163330 Ultrasound guided motion mitigation of proton therapy in the lung 01.10.2016 Project funding (Div. I-III)
156860 Development, validation and application of novel strategies for MRI data acquisition, image registration and segmentation of the spinal cord in patients affected by multiple sclerosis. 01.01.2015 Project funding (Div. I-III)

Abstract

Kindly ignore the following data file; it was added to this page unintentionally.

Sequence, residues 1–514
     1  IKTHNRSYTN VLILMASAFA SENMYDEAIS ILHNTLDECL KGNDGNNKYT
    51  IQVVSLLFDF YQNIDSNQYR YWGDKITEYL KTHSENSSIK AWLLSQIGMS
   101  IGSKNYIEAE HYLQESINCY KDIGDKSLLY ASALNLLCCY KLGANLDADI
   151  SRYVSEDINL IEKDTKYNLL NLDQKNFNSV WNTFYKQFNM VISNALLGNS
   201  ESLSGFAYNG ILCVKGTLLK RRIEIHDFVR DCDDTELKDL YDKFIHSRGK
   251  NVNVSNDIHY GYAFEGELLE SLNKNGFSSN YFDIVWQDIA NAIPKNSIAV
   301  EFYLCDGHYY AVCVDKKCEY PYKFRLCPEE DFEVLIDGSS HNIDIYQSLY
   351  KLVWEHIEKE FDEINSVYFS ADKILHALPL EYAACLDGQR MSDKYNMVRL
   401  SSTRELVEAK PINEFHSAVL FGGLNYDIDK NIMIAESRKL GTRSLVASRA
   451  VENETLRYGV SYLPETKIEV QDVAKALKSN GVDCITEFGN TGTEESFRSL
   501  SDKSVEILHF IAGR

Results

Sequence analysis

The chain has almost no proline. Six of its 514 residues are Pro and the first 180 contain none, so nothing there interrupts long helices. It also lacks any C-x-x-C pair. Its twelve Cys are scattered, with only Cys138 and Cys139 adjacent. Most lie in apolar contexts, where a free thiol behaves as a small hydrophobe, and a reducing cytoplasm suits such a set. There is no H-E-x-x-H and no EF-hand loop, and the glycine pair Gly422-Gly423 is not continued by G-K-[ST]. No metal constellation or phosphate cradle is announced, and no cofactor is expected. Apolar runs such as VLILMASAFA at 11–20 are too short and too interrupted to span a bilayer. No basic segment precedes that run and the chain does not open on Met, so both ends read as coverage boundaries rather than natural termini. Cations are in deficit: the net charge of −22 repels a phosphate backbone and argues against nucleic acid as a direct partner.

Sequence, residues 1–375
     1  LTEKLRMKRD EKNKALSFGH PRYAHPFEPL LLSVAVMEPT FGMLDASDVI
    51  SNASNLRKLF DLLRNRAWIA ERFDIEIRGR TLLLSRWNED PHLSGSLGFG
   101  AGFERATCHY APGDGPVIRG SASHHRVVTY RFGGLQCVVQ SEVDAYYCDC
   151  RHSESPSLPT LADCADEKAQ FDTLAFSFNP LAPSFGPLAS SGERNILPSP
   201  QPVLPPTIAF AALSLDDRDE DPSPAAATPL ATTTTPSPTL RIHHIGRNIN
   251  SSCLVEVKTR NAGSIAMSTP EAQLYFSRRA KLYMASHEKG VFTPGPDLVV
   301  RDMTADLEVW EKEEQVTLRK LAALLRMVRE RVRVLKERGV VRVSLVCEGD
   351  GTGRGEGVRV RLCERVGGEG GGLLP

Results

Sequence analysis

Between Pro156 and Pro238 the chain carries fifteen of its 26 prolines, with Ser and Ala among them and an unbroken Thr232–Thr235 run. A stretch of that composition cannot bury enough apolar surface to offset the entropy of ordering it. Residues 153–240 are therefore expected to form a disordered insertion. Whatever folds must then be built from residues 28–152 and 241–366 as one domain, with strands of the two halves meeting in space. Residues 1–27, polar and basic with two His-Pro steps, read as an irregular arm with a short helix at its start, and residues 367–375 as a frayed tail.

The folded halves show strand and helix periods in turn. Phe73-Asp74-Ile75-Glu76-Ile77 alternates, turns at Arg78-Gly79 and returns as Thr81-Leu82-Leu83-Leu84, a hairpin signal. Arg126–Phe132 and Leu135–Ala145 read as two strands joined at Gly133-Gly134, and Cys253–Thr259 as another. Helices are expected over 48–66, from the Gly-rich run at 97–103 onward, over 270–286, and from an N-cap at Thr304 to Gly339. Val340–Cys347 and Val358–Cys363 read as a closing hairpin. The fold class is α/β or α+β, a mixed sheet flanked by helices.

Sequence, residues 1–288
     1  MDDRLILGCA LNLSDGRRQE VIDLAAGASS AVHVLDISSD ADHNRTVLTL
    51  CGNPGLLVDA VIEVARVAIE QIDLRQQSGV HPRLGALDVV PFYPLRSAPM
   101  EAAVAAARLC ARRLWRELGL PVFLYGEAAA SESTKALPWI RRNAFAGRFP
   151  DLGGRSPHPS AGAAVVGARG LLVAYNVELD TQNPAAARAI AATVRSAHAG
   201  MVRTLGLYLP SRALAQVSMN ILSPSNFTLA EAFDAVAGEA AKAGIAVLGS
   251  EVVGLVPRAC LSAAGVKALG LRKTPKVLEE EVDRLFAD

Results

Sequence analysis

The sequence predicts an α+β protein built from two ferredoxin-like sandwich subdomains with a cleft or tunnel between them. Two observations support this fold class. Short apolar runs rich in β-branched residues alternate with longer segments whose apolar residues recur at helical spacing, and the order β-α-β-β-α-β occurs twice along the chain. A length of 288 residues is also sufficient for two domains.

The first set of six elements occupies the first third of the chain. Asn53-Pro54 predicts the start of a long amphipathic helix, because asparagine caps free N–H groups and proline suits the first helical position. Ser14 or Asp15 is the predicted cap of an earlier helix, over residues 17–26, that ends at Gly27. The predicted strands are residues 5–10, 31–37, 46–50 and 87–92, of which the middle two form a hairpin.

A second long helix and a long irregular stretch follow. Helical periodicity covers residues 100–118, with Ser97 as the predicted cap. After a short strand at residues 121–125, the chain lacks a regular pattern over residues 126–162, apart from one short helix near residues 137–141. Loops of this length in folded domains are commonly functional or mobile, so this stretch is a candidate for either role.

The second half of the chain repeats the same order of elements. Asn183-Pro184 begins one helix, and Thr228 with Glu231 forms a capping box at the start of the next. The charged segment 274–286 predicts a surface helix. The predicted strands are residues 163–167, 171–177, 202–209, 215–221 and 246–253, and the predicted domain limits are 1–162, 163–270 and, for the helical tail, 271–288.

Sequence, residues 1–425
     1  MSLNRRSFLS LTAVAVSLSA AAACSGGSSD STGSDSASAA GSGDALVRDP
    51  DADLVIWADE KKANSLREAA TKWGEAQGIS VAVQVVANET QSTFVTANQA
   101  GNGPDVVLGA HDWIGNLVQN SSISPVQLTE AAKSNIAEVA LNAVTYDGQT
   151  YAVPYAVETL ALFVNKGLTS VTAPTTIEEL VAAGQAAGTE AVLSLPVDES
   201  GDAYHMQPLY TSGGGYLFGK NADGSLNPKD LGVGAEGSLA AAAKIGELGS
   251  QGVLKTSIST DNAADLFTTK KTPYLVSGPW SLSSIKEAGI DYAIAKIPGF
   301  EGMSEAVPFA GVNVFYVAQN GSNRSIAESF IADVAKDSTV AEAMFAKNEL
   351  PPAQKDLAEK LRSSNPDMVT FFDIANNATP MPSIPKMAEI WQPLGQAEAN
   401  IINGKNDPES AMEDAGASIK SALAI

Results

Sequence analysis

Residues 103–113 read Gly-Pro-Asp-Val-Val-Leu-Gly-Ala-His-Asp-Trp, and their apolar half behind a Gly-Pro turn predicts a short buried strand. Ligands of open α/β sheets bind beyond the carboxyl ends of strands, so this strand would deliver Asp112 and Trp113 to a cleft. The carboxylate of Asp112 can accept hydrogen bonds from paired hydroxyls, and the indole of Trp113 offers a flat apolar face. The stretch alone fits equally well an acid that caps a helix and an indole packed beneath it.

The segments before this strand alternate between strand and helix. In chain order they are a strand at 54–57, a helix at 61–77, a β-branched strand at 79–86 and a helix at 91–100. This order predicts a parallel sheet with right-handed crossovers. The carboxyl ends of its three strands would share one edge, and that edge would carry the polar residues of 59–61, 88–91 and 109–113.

The magnetic resonance (MR) signal can be sensitized to a large variety of tissue parameters, as reflected by a vast range of dedicated clinical MR pulse sequences designed to generate contrast even for very subtle tissue alterations with high specificity and sensitivity. Such MR images can be acquired reasonably fast, but their contrast is a non-trivial weighting of various intrinsic and extrinsic parameters and thus not a direct measure for a specific tissue property. As a result, pathological alterations are not identified from a measurable, objective change in tissue properties but rely on a subjective reading of contrast differences on a physically meaningless scale that is affected not only by various random factors but also by instrumentation. Quantification of the MR signal in terms of the underlying biochemical and biophysical tissue parameters is thus generally thought to be the key to MR methodology to push conventional MRI beyond its current limits. It is thus not surprising that the promise of MRI in the tradition of scientific instrumentation has attracted considerable interest in the MR scientific community ever since. Especially, the continuous improvement and progress in scanner hardware and reliability has not only facilitated quantification, but also stimulated the development of a wide variety of methods for the extraction different biophysical and biochemical parameters. Noteworthy, although quantitative MRI dates back to the early 1970s, research and development is not only ongoing but performed world-wide with increased interest and effort.Unfortunately, MR-based tissue quantification is typically a very time-consuming process and can be biased by numerous factors. It is thus not surprising that over the years and even for the most fundamental MR tissue parameters, such as tissue relaxation, a whole ‘buffet’ of MR methods have been proposed to tackle the ‘reliable quantification in reasonable time’ problem for successful translation and application in the clinics. Only recently, the extraction of MR tissue quantities has become an even more important paramount goal since artificial intelligence and machine learning has entered the field of MRI relying on the availability of large amounts of standardized and comparable, such as quantitative, MRI data. We have more than a decade of experience in the development and translation of new quantitative MRI methods to the clinical setting. Recent developments, such as spiral readouts and configuration-based imaging methods have shown good prospects and high potential towards a ‘reliable quantification in reasonable time’ for a wide range of tissue parameters. In this research proposal, we further elaborate and extend our recent methodological achievements in a consequent and innovative manner to develop reliable tissue biomarkers for the detection of widespread pathophysiologic processes, as well as subtle and diffuse tissue alterations with high specificity and sensitivity.